By Omar Bah
The National Audit Office (NAO) has confirmed it will, for the first time, audit the country’s Extractive Industry next year in an attempt to ensure transparency, accountability and maximise profit for the government.
Several investigations done on the mining industry by reputable institutions such as Gambia Participates and investigative platform Malagen revealed massive irregularities and lack of transparency in the country’s mining sector with communities decrying environmental devastation and exploitation by companies who among other things barely pay taxes.
According to NAO officials, the industry has never been audited but there is now a need to do so urgently to ensure the government realises the needed profit from the booming industry.
In January, the NAO organised a multi-stakeholder consultative workshop on the Extractive Industries (EI) Accountability, to prepare the auditors ahead.
The consultative convergence was hosted in collaboration with the African Organisation of English-speaking Supreme Audit Institutions (AFROSAI-E).
Speaking to The Standard on the side-lines of that event recently, the NAO Deputy Auditor General 2, Buba Drammeh, said the NAO is resolved to now start auditing the industry.
He said the NAO will analyse the information they gathered during the three-day consultation with stakeholders and prepare auditors ahead especially with regards to the risk matrix, legal frameworks, award of licenses and contracts, monitoring of operations, assessment, collection and management of revenue, allocation and policies.
“We now want to develop an action plan which will determine our point of action now against the time we are going to have our first extractive industries audit report because we want to have at least one audit report next year. So, for this we will focus on identifying the risks and the audit types we want to use to respond to the risks which could be performance, compliance or financial audit,” he said. Drammeh said once that is identified and approved at the level of management, they will engage sister supreme audit institutions to support them technically to train the people who will do the different audits.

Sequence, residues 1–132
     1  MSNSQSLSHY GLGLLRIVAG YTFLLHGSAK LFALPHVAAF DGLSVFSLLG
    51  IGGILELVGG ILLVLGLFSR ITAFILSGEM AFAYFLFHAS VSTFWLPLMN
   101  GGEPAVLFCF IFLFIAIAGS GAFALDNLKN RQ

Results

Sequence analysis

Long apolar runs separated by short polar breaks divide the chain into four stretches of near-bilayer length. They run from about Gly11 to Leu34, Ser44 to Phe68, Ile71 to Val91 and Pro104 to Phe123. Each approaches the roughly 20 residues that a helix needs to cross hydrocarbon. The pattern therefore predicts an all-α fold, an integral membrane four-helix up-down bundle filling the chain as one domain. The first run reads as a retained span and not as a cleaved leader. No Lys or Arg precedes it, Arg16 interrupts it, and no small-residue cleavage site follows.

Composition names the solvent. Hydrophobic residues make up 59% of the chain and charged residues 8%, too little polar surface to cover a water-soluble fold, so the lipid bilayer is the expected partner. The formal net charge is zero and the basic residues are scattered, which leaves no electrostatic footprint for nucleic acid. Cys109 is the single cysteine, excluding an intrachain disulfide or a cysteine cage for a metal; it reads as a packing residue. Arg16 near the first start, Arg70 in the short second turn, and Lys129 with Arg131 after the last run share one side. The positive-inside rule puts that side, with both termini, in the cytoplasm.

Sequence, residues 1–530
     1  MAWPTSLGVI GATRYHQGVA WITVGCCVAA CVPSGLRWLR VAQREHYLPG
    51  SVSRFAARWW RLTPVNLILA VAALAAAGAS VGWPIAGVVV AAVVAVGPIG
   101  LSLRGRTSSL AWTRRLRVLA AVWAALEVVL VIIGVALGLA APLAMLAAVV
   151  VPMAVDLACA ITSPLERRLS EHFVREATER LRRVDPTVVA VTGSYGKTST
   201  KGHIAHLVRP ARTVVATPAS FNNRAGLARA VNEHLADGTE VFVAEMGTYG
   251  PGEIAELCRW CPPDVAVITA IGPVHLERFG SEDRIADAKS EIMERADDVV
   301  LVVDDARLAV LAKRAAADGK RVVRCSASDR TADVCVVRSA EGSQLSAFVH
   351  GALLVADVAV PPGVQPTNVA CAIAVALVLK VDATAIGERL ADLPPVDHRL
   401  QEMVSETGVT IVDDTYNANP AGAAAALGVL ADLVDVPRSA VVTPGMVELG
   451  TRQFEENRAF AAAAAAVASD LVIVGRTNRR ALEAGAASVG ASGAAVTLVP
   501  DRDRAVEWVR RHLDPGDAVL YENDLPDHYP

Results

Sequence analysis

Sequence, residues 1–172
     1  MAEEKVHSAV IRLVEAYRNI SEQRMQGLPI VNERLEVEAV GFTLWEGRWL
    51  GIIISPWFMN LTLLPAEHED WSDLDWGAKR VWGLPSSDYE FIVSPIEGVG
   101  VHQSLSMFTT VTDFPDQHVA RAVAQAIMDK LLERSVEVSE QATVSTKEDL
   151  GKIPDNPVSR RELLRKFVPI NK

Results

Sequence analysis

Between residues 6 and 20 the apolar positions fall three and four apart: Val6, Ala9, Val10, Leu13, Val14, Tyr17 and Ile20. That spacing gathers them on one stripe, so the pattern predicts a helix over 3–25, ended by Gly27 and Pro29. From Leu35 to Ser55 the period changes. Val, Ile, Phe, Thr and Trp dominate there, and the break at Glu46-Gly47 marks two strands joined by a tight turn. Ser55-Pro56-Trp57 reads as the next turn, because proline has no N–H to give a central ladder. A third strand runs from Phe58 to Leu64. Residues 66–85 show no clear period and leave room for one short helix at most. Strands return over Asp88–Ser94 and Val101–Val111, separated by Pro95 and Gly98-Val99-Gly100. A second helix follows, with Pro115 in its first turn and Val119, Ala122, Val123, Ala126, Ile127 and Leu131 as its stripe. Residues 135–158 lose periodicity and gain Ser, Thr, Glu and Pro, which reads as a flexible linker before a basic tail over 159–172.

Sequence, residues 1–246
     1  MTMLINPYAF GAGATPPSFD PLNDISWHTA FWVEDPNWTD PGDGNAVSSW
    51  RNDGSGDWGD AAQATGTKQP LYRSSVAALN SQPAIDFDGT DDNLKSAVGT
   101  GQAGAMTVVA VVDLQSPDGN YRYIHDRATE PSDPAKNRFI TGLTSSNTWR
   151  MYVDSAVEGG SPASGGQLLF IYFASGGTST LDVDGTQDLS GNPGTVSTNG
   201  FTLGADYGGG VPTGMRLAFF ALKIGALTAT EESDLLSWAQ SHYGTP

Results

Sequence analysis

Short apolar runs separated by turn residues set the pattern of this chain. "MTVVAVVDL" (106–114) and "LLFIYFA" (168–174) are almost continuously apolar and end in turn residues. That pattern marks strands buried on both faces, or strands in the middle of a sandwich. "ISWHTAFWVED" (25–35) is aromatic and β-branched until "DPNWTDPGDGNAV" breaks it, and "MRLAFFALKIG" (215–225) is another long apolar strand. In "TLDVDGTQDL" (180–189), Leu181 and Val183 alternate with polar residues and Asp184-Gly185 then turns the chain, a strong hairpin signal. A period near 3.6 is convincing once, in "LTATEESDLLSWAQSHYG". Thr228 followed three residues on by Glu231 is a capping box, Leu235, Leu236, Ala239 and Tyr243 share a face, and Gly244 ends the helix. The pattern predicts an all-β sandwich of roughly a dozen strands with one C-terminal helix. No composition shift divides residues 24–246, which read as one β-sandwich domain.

“Once those capacity development activities are completed, we will start our first audit exercise in the extractive industry effective January 2023. We are doing all this because the industry has never been audited before so it is a new area to the NAO,” he added.
Commenting on the importance of the meeting with stakeholders, Mr Drammeh said it would have been “suicidal” for the NAO to finalise the planned audit process without meeting its stakeholders.
“The amount of information and data that came out during these four days is impressive and of course we have had a series of stakeholder meetings with individual organisations but bringing them together has given us more information that we couldn’t have had speaking to them individually,” he said.
Commenting on the development, anti-corruption activist and executive director of Gambia Participates, Marr Nyang, welcomed the decision, saying it was long overdue.
“In The Gambia, the fiscal activities in both the extractive and non-extractive industry have long been done under the carpet which is susceptible to self-enrichment. In 2021, we at Gambia Participates supported some journalists to investigate sectors like the extractive industry whose revenue collections are under or not reported at all. The findings are unbelievable,” he said.
Nyang said he is confident that the NAO will expose high maladministration in the revenue administration. “But the question will be: what action will be taken by the government? Would they continue to be silent on the public sector corruption report which has been the factor of increased corruption in the Barrow administration?”
In a related development, the Minister of Petroleum Aboulie Jobe recently said government will ensure transparency in the sector to ensure it benefits Gambians.